If the person forgets to clock out, there is an expiration time you can set to handle this: if the person who forgot to clock out tries to clock in after the expiration time, they will see a “Clock In” interface, plus a reminder that they never clocked out last time. This is to let the person know that the previously open (not clocked out) timecard should be closed with the correct clock out information by an administrator (or they can do it themselves on the record edit page for their record). If the expiration time is 0, the person will be shown the “Clock Out” interface no matter how long it’s been since they clocked in last.
Manual Clock In and Out
In this mode, the timecard is presented with inputs for the date and time of both the clock in and clock out. This is so the timecard can be filled in with any date and time. When the timecard is opened, the clock in time can have the current date and time filled in as the default. If the timecard is open, the current date and time will be placed in the clock out inputs.
In this mode, you may configure a set of additional fields that are shown for the person to fill in. If the field is configured to be “read only” the person can set the value, but can’t change it the next time the timecard is opened. If any of the fields are marked required, the person must fill in those fields to save the timecard.
Placing the Timecard Interface on your Site
Access to the timecards is provided by the [pdb_timecard] shortcode. Place the shortcode into a shortcode block for best results.
When a user visits the page with this shortcode, they will be presented with the record selection interface, where they can select their record and then log their hours, as explained above.
If you need to limit which records are available in the interface, you can use the “filter” attribute in the timecard shortcode, it works exactly the same way as in the [pdb_list] shortcode. For example, to allow only approved records, you could use a shortcode like this:
Other attributes you can use in this shortcode are “orderby” and “order” which can be used to sort the list (selection mode only) and of course the “template” attribute if you want to implement your own custom template.
This shows which log is being used to store the timecards. This will need to be set before the rest of the settings become available.
If you want to change which log you’re using, there is a button at the bottom of the page that provides a way to do that.
Record Selection Section
This determines how the record will be selected when the timecard page is first opened. Each of these options has its own set of settings, with some settings in common.
In the Selection mode, a dropdown selector with a list of available records is shown. The user selects which person they want to fill in a timecard for.
In the Verification mode, the user types in idnetifying information such as an email address, empoyee ID, etc. that identifies their record. This mode an also include a password if you have a password field configured in Participants Database.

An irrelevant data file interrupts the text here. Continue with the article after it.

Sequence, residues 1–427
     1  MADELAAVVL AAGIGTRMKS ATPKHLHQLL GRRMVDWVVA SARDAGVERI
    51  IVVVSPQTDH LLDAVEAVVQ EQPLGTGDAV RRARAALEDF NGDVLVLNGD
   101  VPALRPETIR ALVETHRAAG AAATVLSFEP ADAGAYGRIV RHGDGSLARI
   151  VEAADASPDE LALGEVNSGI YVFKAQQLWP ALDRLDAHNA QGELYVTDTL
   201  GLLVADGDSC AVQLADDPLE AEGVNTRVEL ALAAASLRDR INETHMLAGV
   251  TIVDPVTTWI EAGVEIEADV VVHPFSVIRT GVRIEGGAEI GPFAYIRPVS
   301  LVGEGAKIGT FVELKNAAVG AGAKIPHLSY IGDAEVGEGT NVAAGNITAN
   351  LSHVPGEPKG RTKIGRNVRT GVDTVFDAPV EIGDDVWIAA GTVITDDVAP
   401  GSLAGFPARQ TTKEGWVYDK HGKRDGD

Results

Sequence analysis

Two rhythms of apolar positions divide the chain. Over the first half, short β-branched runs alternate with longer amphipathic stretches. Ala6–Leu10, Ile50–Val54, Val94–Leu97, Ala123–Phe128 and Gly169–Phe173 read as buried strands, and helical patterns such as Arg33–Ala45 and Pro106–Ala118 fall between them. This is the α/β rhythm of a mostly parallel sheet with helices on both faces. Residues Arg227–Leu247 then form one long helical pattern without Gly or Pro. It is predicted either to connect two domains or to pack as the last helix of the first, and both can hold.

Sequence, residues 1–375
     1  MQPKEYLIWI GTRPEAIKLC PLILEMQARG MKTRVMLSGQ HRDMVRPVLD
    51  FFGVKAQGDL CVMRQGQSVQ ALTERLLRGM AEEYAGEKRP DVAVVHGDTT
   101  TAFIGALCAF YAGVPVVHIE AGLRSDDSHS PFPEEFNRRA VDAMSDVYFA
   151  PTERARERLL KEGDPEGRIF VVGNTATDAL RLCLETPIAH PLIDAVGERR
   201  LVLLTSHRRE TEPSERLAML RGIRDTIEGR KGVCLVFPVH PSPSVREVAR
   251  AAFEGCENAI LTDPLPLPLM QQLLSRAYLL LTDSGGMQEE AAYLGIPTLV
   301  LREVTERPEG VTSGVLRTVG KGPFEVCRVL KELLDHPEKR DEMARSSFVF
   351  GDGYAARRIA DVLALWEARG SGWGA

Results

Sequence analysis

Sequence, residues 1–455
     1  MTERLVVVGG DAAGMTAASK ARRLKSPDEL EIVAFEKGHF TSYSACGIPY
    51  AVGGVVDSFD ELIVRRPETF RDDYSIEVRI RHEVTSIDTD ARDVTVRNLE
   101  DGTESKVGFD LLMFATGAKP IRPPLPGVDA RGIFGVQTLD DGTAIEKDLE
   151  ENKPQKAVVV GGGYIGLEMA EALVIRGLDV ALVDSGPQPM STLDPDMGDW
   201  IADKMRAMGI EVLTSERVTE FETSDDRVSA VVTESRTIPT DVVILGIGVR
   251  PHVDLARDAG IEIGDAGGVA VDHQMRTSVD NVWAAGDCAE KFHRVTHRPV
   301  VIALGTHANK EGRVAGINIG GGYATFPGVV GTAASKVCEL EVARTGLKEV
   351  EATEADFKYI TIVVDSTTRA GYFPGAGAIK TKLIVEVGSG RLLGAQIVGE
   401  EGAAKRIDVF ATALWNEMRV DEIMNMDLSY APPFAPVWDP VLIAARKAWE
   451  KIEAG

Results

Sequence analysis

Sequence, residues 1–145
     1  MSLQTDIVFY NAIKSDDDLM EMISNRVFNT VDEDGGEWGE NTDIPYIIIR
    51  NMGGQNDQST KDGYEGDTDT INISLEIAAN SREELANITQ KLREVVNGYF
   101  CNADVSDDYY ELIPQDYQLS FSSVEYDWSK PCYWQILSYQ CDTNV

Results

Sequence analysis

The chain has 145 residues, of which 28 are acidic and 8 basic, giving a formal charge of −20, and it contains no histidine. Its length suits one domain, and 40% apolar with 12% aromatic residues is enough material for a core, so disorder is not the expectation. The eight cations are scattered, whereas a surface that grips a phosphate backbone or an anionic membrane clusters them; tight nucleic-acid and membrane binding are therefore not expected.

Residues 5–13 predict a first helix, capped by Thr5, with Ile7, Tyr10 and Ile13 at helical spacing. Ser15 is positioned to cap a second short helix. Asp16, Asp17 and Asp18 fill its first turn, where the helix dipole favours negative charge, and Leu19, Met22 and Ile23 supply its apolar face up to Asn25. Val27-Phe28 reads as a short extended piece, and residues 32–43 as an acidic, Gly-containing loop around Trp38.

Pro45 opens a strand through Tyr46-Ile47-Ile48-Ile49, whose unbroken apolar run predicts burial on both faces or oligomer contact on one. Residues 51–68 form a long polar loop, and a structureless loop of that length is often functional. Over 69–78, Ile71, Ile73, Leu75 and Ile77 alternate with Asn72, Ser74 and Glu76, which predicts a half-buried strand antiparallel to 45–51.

This is active in selection mode, it names the Participants Database field that is used to populate the selector. It’s a good idea to use a string combine field for this so you can build a list of names that make it easy to find the right record. This is explained in more detail in the plugin Instructions section.
Selection Field Label
This is the label that goes with the selection field in the above setting.
To restrict access to the selector so that only logged-in users may access timecards, set the minimum WordPress user role with this setting. Minimum role means that if you set this to “editor” an animistrator will also have access.
Record Selection Help
Active in both selection modes, this provides a general prompt for interacting with the record selection interface.
This applies to validation mode only: select one or more Participants Database fields that will be used to identify the record. The information this provides must match only one record. If you want to ask for a password, that is configured separately.
If you want to ask for a password to valdiate the user, select the password field here. This password is saved with the Participants Database record and requires that a password field be configured. This is not a WordPress account password.
Validation Submission Button Label
This is the label for the button that is used to submit the record validation and select the timecard.
User Not Found Message
In validation mode, if the information entered does not match a Participants Database record, this message will be shown.
Check for Predetermined User
If this is checked and the site already knows the current user’s record ID, skip record selection and just open the timecard. Keep this unchecked if you need to be able to select records independently of who is logged in. This setting is useful if you have people accessing their record using the Participant Login form, or you are using the Participants Database User Profile plugin which links a PDB record with a WordPress account.